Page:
By this time it was well after 4pm and I was beat.
Jagalchi fish market
  I started my day pretty early (after barely sleeping a WINK, due to the chorus of snores -- one absolutely horrifying and cringe-inducing, that was louder and uglier than all the rest) and had covered quite a bit of ground.  I flagged down a taxi and collapsed in his back seat, who to my delight swiveled around and happily chirped "do you speak English?"  You bet I do!  He drove me along the southern cliffs overlooking the sea, both of us screeching out "beautiful! beautiful!" like a bunch of Turret's maniacs, and deposited me at the red carpet entrance to Shinsegae, the world's largest department store.  And let me tell you, this place is BIG.  I don't think you can begin to comprehend the massive scale of this place -- I can't, and I was there.
Jagalchi fish market
  It's what I imagine three or four of the new Dallas Cowboys Stadiums would look like, sitting shoulder to shoulder.  MASSIVE.  Forget city blocks -- this place has its own zipcode.  And we're not talking Marshall Fields or Bloomingdales or Mark and Spencer -- we're talking a caliber that redefines luxury.  EVERYTHING is the utmost level of posh, like Bergdorf Goodman and then some.  When the residents along Fifth Avenue and Central Park West die and go to heaven, this is where they come.  This is luxury MECCA.  And I'm wondering around in cargo pants and a backpack.  Way to dress for the occasion.

Rather than walk around and drool at the absurd abundance of wealth that was not to be mine, I made a beeline for Spa Land, the reason for my coming to
Shinsegae in the first place.
Jagalchi fish market
 
Oncheon is Korea's answer to Japan's onsenOncheon are natural hot springs, pumped up from the earth and are mineral-rich and good for the skin.  Just as onsen are all over Japan, oncheon are peppered throughout Korea.  It's an inherent part of both cultures, and as such it is usually fairly affordable.  (Although being in the nicer parts of Japan, the ones I came across tended to be pricier and having never experienced an onsen I misunderstood and nowhere near appreciated what it was about and was all "I've soaked in a hot spring before, I'm going to save my yen and skip it.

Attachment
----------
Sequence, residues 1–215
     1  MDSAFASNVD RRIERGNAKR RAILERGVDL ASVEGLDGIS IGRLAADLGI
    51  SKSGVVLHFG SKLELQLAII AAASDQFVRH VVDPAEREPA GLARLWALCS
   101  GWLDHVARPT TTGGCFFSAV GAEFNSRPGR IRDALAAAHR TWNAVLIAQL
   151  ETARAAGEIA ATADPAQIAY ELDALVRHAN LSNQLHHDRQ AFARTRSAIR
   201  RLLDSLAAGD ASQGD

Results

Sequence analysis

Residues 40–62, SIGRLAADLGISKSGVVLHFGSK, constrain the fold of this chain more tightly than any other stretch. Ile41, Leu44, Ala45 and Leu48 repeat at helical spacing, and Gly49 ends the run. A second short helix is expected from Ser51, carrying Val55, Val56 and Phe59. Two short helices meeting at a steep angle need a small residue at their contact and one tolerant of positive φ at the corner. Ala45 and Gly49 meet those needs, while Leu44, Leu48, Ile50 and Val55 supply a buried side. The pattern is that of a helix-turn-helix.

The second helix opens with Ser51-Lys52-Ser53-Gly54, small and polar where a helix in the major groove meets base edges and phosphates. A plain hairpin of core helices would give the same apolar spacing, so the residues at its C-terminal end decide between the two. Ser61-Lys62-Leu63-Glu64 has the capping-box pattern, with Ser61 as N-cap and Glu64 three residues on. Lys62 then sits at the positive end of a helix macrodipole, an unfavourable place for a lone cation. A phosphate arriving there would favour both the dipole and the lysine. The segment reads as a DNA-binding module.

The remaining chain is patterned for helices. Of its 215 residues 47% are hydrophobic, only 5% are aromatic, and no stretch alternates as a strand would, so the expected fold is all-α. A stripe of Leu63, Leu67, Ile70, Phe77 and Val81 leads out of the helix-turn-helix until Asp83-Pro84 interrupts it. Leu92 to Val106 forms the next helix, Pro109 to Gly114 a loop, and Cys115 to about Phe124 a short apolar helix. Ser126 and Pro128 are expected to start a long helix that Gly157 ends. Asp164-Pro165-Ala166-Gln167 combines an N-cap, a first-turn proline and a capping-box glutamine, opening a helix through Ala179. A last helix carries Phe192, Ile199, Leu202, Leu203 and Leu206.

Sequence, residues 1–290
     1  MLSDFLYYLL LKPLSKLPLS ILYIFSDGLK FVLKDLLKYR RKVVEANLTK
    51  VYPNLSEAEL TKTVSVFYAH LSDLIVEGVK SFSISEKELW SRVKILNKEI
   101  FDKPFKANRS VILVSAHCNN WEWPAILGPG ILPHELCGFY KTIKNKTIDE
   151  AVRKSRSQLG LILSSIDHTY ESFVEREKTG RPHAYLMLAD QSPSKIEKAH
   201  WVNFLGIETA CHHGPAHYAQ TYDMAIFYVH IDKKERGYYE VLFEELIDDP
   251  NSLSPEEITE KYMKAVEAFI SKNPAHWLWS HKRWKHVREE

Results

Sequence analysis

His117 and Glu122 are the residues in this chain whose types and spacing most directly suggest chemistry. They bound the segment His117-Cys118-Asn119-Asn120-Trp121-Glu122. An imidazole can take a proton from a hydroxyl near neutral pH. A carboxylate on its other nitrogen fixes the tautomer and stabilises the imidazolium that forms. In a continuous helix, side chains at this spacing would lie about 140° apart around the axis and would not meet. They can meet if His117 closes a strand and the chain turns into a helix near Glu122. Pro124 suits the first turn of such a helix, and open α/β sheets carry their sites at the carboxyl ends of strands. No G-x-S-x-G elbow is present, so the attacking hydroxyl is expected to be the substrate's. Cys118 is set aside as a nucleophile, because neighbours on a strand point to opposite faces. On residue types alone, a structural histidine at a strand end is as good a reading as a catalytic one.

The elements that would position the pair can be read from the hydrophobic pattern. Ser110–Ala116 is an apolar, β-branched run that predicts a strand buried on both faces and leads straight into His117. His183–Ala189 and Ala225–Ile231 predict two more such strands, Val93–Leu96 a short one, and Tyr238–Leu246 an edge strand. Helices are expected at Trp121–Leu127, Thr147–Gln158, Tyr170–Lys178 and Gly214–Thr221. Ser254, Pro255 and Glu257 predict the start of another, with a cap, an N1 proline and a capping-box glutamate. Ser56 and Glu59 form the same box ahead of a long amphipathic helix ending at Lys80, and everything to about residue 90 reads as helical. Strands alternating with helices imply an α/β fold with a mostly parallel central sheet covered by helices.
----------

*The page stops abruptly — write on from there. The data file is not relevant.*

Jagalchi fish market
"  Moronic, this one.)  Spa Land, being in Shinsegae, is ridiculously nice.  I imagine it's what the Ritz Carlton's oncheon would be like, if they built one.  We're talking NICE.  The entrance fee is equivalent to USD $12 and grants you four hours of unlimited hot spring bathing, which is considered highway robbery, as most oncheon are under $3 and you can stay as long as you like (literally, as long as you like -- they never close, and you're welcome to stay and sleep there if you so please, which I hear many travelers do after being locked out of their hostels at 3am).
Jagalchi fish market


At check-in you're given a key, which is really a tiny little computer chip attached to a stretchy rubber bracelet thing that most people wear around their wrists or ankles.  You're supposed to guard this thing with your life, as it's how you gain access to the spa and keep your belongings secure in their locker and is your means of purchasing various services.  It's also waterproof, so you literally strap it on and forget it's there.

I'd read in the guidebook of one woman's experience as she visited an onsen for the first time: "Am I doing this correctly? Is everyone staring at me? Do I look funny?" and then slipping into the water and any sort of thought or stress was gone in a blink.  My experience was pretty much the same thing.  You're in a massive locker room (men's and women's lockers and hot springs are separate) with hundreds of naked women walking around like they do this every day (and I'm sure some of them do).
Jagalchi fish market